This is where this iOS app comes in handy to detect the level of ambient noise in your surroundings. Unlike humans, iPhones have linear frequency response and this app displays the peak as well average values of the sound level. You can save the sound levels for later use or as a record for further action.
Commander Compass GoCommander Compass is a well crafted Car/Walk GPS compass app for iOS and Android. It is a milspec compass, gyrocompass, maps, GPS tracker, speedometer, gyro horizon and inclinometer – all rolled into one app. Find and track your location, coordinates in geo and military formats, altitude, current and maximum speed and course. Use imperial, metric, nautical and military units.
The manual they give you details plenty of useful techniques to precisely locate a position in a map and measure many details using nothing more than this app.
It has many practical uses when you travel. For example, I checked the speed of the Airbus A 320 when I was on my way to a target destination some 550 km away. It showed a speed of 768 km/hour at an altitude of just a little over 10000 meters above sea level as you can see from the screen shot. You can check the rate of climb or descent and you can work out when the plane is likely to land based on the Commander Compass information. The GPS co-ordinates are shown at the top right corner ( in the screen shots the location information has been sanitized).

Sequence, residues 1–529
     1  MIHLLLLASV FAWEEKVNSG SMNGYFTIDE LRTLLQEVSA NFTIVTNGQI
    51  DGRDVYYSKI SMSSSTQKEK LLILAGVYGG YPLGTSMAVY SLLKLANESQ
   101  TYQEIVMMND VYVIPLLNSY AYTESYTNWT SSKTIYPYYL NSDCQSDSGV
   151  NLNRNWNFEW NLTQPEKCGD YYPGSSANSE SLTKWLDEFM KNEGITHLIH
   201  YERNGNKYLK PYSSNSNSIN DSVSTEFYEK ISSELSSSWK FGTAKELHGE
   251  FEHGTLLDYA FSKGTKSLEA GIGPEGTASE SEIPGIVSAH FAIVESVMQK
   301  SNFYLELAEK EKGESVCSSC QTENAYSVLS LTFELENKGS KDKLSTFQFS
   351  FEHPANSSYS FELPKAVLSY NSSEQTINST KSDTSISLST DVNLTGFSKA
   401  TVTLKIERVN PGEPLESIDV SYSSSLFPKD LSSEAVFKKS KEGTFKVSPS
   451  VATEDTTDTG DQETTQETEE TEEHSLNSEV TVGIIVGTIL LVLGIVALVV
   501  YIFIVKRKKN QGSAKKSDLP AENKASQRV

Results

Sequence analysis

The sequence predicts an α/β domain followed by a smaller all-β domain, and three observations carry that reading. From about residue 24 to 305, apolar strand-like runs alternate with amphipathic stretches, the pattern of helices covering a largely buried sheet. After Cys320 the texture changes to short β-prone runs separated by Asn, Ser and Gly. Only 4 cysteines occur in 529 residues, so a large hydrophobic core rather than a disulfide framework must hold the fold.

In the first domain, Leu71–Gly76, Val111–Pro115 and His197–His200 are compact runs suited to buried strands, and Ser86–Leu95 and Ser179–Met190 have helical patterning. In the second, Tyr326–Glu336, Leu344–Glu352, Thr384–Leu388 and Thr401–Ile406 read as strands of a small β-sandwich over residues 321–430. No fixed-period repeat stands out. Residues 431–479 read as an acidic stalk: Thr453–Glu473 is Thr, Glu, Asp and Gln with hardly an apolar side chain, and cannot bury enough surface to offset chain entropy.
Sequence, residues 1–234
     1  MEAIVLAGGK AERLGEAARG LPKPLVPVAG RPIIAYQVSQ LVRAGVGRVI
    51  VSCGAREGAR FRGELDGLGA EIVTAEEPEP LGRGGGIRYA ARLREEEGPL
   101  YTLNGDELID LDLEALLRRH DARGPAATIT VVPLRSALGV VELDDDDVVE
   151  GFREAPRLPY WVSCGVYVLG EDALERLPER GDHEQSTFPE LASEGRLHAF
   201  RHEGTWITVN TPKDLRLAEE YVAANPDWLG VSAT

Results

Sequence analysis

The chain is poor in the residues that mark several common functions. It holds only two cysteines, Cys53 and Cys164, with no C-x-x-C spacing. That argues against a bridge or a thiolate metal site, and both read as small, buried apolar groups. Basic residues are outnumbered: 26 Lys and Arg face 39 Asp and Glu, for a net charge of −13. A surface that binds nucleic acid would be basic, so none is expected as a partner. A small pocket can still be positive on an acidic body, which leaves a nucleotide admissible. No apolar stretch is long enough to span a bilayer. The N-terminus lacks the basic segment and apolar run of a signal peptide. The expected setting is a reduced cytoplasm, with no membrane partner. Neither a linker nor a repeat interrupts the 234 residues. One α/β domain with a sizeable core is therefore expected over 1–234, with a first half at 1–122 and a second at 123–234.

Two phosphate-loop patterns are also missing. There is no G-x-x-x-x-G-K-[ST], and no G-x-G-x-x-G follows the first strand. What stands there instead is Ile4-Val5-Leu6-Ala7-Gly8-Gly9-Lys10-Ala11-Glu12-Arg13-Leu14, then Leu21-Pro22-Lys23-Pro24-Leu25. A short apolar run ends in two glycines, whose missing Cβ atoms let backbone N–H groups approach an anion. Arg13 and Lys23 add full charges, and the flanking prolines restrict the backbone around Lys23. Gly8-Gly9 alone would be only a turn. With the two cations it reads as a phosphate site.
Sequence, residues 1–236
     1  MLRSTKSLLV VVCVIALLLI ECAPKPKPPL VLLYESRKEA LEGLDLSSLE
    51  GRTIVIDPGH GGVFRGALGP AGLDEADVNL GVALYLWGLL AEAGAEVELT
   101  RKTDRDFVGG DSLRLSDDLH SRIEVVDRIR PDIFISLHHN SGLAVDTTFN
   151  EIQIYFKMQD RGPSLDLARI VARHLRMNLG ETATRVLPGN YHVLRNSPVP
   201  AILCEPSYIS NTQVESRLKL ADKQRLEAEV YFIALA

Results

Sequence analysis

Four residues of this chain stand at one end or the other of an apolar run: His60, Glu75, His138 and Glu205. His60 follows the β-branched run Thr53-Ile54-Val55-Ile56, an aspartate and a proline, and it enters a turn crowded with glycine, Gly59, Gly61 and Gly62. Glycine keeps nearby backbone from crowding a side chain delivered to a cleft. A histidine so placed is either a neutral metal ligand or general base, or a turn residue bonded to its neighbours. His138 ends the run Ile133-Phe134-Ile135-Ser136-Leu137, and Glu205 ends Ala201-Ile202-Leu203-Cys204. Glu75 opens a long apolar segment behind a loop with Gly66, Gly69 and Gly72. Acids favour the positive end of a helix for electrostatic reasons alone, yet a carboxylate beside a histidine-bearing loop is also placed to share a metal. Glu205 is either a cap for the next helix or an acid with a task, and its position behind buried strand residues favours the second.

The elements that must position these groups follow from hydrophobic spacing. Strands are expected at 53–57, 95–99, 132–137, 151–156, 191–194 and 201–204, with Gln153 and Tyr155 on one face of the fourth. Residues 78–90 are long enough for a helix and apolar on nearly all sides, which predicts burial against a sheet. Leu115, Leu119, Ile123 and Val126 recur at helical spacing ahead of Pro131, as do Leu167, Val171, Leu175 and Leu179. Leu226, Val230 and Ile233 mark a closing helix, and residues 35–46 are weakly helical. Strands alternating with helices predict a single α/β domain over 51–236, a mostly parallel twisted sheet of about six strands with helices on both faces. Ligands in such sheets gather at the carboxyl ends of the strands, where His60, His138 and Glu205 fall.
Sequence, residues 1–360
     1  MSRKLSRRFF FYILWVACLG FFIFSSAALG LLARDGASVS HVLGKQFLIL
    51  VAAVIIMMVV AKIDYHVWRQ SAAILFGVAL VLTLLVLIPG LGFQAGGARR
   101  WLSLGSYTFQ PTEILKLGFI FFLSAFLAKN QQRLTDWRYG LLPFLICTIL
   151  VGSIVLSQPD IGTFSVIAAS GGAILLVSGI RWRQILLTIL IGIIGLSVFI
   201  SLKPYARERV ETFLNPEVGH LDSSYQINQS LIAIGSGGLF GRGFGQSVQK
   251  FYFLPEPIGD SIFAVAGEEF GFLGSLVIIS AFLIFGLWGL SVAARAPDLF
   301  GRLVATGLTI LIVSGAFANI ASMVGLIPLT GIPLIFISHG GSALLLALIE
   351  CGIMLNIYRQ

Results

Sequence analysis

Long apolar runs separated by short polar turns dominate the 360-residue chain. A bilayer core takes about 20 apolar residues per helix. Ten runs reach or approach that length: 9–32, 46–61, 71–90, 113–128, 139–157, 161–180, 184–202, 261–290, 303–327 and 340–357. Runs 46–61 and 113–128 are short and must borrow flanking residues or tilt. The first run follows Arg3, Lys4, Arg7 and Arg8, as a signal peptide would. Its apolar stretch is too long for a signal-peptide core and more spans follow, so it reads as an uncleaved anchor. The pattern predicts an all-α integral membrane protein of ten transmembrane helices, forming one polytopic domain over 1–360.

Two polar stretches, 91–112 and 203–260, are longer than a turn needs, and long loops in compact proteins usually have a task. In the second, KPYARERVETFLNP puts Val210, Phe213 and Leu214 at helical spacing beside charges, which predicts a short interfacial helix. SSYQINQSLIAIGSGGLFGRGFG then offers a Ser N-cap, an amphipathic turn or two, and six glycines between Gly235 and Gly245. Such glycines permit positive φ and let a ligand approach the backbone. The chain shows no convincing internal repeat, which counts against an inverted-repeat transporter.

When you are in a plane, try to keep the iPhone near the glass window so that the GPS receiver in the mobile can ‘see’ the satellites. This is possible even when the phone is in flight mode. The flight mode switches off the cellular radio receiver and wifi/Bluetooth receivers. In Iphone the GPS receiver is still active as it is in the passive mode – that is it is not transmitting anything and so it won’t cause any radio frequency interference to the aircraft. It takes a few seconds to a couple of minutes to get a ‘fix’ on the satellites if you keep the phone close to the window.